Help them help you

Editor's note: Robert DeVall is director, and Charles Colby is principal, chief methodologist and founder, at Rockbridge Associates Inc., a Great Falls, Va., research firm.

With an ever-expanding list of options at consumers’ fingertips and the figurative pedestal given to them via social media, organizations have come to recognize the growing importance of keeping their customers happy. Billions of dollars are spent on efforts to improve the customer experience and the companies that are most successful typically rely on feedback from customers to drive these efforts. This is generally good news for market researchers but also presents a challenge: As more and more companies vie for customers’ attention, it becomes harder to get. This can result in lower response rates, which increase the likelihood of non-response bias and can ultimately make the findings less reliable. This begs the question: What can market researchers do to maximize response rates?

To answer that question, first we need to fully understand what drives response rates. The response rate, in simplest terms, is the number of people who completed the survey divided by the number of people in the sample eligible for the survey. This means to effectively raise response rates, we must focus both on the recruiting tool and the survey instrument. For surveys administered online where respondents are invited via e-mail, maximizing response rates entails 1) getting the respondent to open the e-mail, 2) getting them to start the survey and 3) getting them to finish the survey. Failing to take any of these facets into account can result in response rates that are less than optimal.

Objective 1: Get the respondent to open the e-mail

Before sending the e-mail invitation it is a great idea to send a heads-up e-mail or letter notifying the respondent that they can expect an invitation to take the survey. This is especially useful for customer or non-profit member surveys, where the heads-up communication comes from an executive or recognizable individual within the organization. This provides credibility for the company administering the survey and can also be used to request certain e-mail addresses be placed on a safe-sender list.

The next step is getting the e-mail invitation into the respondent’s inbox. This can be more challenging than it seems as spam blockers don’t readily share their filtering practices (with good reason), nor are all spam blockers alike in the criteria they use for filtering. That means there is no fail-proof formula to avoid getting caught in the spam trap but there are some things that market researchers should do (or not do) to at least have a fighting chance.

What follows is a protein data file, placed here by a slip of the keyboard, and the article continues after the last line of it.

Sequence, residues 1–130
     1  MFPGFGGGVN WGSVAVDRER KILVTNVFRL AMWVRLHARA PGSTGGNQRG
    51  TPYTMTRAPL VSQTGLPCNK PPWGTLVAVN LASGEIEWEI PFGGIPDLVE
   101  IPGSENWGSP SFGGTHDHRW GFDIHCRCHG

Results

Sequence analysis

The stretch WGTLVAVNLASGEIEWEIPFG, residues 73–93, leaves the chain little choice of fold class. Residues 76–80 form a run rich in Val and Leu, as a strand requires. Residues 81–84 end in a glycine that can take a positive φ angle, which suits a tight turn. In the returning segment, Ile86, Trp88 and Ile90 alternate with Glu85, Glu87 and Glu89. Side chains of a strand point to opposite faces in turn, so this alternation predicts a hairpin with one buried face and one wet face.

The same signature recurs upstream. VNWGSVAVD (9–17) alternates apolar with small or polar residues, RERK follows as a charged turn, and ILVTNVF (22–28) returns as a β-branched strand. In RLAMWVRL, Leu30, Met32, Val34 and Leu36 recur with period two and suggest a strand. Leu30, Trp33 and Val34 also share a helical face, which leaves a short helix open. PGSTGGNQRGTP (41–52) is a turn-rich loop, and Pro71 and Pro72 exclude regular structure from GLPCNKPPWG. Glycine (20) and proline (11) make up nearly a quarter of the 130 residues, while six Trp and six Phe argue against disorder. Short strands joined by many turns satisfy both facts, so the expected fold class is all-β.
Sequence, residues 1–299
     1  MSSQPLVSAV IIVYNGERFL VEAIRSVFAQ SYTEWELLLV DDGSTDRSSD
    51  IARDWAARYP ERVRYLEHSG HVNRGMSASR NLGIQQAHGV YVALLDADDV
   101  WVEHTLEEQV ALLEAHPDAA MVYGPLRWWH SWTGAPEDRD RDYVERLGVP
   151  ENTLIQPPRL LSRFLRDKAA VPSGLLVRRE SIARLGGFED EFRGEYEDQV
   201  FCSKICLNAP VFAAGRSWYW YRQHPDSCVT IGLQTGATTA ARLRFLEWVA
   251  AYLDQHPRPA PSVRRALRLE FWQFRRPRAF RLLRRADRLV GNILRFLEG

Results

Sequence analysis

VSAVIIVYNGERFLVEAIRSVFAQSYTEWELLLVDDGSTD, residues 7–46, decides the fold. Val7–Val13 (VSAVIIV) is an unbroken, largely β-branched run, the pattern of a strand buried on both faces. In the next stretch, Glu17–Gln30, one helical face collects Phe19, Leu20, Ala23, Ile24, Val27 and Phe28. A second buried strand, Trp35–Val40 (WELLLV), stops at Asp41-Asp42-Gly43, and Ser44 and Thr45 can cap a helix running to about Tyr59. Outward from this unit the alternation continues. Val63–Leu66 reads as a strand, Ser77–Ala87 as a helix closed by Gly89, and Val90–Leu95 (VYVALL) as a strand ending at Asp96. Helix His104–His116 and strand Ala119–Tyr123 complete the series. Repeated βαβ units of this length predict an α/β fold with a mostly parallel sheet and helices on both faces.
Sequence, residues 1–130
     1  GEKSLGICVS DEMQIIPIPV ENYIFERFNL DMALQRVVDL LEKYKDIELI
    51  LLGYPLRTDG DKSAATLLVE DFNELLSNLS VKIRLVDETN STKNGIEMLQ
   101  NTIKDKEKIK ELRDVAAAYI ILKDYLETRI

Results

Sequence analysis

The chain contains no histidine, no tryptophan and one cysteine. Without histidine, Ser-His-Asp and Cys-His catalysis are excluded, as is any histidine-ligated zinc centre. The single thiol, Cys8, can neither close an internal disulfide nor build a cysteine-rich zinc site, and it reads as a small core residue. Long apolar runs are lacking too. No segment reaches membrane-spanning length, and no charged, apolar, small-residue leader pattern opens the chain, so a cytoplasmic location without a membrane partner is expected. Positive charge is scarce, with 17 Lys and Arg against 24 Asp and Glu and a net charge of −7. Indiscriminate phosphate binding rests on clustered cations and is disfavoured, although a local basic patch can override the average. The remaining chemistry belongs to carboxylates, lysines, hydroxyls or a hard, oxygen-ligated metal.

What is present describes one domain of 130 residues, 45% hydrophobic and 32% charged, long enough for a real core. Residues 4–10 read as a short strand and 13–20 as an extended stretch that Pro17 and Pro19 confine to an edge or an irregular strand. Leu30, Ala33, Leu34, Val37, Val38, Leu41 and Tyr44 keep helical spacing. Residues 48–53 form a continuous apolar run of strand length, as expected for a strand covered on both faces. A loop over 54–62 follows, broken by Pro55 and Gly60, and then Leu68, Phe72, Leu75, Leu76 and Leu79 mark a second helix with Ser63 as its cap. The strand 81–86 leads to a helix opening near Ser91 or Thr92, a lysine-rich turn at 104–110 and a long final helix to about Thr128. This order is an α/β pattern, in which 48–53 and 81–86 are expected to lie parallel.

1. Avoid words like “free” and “win,” ALL CAPS, excessive punctuation “!!!,” symbols and special characters.
  2. Follow the requirements of the CAN-SPAM Act. This includes putting a valid physical mailing address in your e-mail and offering a clear opt-out link.
  3. Don’t spoof e-mails. Sending from a mail server you own (and have properly configured) helps ensure that you pass spam filter authentication tests.

Researchers should also pay careful attention to the FROM and SUBJECT fields of the e-mail. The FROM field should be recognizable and should avoid generic terms (info, feedback, customer support, etc.). Using the company name is the most common practice but using a well-known company representative’s name can also be effective. The SUBJECT line is essentially the headline of the e-mail and should make the recipient want to keep reading. It is important to convey the topic of the e-mail and highlight what is in it for the respondent. Ideally, subject lines should be less than 50 characters. Clear, concise subject lines are more likely to be opened.

The next thing to consider is the date and time the e-mail is delivered. The objective here is to get the e-mail to the respondent at the time they are most likely to read it. There are several theories on when the best time to send e-mails is, with the general consensus being to send them during the daytime, with Tuesday, Wednesday and Thursday being the best days to do so. That being said, this may differ depending on the audience being targeted. For instance, some groups may be more accessible in the evenings. It is also important to take into account holidays and time zone differences.